.. congressional districts vary widely in demographic-economic characteristics.  We have new data for 2015 providing insights to characteristics of the 114th Congressional Districts.  This section summarize a few of these characteristics and provides access to a wide range of data that you can use to view, sort, rank, and compare congressional districts using interactive tables.

Patterns of 2015 Educational Attainment
The following graphic shows patterns of educational attainment (percent college graduate) by congressional district in the Los Angeles area. White label shows the congressional district code; yellow label shows percent college graduate. Legend shows color patterns associated with percent college graduate intervals.

– View developed using CV XE GIS software and associated GIS project.

How Congressional Districts Compare
Reference items refer to items/columns shown in tables described below.

.. general demographics: congressional district UT03 has the smallest median age (27.5 years — item D017) and FL11 has the highest median age (53.5 years).

.. social characteristics: congressional district KY05 has the fewest number of people who speak English less than “very well” (2,676 — item S113) and FL27 has the largest number (281,053).

.. economic characteristics: congressional district ND00 has the lowest unemployment rate (2.6% — item E009) and MI13 has the highest unemployment rate (14.6%).

.. housing characteristics: congressional district MI13 has the lowest median housing value ($63,100 — item H089) and CA18 has the highest median housing value ($1,139,900).

Access the Detailed Interactive Tables
Click a link to view more thematic pattern maps and use the interactive tables.
.. General Demographics
.. Social Characteristics
.. Economic Characteristics
.. Housing Characteristics

Join me in a Data Analytics Lab session to discuss more details about accessing and using wide-ranging demographic-economic data and data analytics. Learn more about using these data for areas and applications of interest.

About the Author
— Warren Glimpse is former senior Census Bureau statistician responsible for innovative data access and use operations. He is also the former associate director of the U.S. Office of Federal Statistical Policy and Standards for data access and use. He has more than 20 years of experience in the private sector developing data resources and tools for integration and analysis of geographic, demographic, economic and business data. Contact Warren. Join Warren on LinkedIn.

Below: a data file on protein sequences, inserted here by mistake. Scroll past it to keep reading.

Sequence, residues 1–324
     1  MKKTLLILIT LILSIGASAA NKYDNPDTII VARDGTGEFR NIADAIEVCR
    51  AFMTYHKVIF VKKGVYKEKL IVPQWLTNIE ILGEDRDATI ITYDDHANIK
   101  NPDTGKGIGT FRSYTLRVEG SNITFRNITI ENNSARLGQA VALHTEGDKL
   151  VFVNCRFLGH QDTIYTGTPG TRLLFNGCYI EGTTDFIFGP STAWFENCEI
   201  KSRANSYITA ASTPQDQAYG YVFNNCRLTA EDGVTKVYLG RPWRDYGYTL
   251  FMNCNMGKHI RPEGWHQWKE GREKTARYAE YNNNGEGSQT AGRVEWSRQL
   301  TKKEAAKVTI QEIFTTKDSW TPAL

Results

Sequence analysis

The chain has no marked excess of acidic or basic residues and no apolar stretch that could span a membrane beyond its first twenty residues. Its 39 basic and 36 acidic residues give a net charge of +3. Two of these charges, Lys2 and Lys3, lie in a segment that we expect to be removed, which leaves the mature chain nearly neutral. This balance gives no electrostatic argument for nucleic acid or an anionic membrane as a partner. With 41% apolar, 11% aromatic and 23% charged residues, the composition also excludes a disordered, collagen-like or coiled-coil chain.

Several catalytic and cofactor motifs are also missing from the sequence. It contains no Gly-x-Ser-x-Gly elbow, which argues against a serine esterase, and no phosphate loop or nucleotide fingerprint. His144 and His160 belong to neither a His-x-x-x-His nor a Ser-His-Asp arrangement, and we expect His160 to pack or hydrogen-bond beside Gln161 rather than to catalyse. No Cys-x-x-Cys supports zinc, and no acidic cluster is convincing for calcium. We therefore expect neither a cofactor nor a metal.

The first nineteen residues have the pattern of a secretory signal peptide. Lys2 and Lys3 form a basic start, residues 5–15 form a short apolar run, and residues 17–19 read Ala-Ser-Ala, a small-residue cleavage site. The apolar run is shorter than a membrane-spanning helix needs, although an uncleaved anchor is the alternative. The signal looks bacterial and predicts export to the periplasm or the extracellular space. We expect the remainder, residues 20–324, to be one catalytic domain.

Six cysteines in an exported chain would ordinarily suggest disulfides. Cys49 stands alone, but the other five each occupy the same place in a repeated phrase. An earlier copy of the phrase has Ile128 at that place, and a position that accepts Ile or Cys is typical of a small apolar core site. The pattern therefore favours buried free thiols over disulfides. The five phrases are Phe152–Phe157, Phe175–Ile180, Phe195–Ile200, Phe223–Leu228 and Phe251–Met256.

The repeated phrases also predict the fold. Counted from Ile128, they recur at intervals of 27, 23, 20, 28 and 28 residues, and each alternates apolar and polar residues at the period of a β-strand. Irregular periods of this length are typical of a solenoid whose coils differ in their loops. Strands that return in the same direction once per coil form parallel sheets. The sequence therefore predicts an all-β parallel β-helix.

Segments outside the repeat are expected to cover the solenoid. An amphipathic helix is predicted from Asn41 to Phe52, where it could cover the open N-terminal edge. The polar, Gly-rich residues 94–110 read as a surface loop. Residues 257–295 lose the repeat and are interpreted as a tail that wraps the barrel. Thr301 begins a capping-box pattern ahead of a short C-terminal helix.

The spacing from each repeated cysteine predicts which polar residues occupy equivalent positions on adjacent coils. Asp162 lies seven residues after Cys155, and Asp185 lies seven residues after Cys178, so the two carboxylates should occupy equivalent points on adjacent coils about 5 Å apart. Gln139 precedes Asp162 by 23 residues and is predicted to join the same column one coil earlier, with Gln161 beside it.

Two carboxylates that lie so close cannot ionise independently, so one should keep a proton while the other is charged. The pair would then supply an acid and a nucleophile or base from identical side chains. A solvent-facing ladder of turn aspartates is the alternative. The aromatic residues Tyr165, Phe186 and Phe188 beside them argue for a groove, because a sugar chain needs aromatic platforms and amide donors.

New ACS 2015 1-Year Demographic-Economic Data

.. essential data to assess where we are, how things have changed and how things might change in the future down to the sub-neighborhood level. The American Community Survey (ACS) is a nationwide survey designed to provide annually updated demographic-economic data for national and sub-national geography. ACS provides a wide range of important data about people and housing for every community across the nation. The results are used by everyone from planners to retailers to homebuilders and issue stakeholders like you. ACS is a primary source of local data for most of the 40 topics it covers, such as income, education, occupation, language and housing. ProximityOne uses ACS to develop current estimates on these topics and 5-year projections. This section is focused on ACS 2015 data access, integration and use and is progressively updated.

New ACS 2015 1-year estimates are available as of September 15, 2016.

Importance of ACS: Assessing Demographic-Economic Change
Oil prices plummeted in late 2014. How has this affected people and households in areas hardest hit? Find out for wide-ranging geographies using the ACS 2015 1-year estimates. Compare to ACS 2014 1-year estimates. Use the ACS 2016 1-year estimates (September 2017) to see how the impact has continued. Demographic-economic conditions change for many reasons; oil price changes are just one.

Keep informed about ACS developments and related tools and applications:
• Updates are sent to ProximityOne User Group members (join here).
… access special extract files and GIS projects available to members.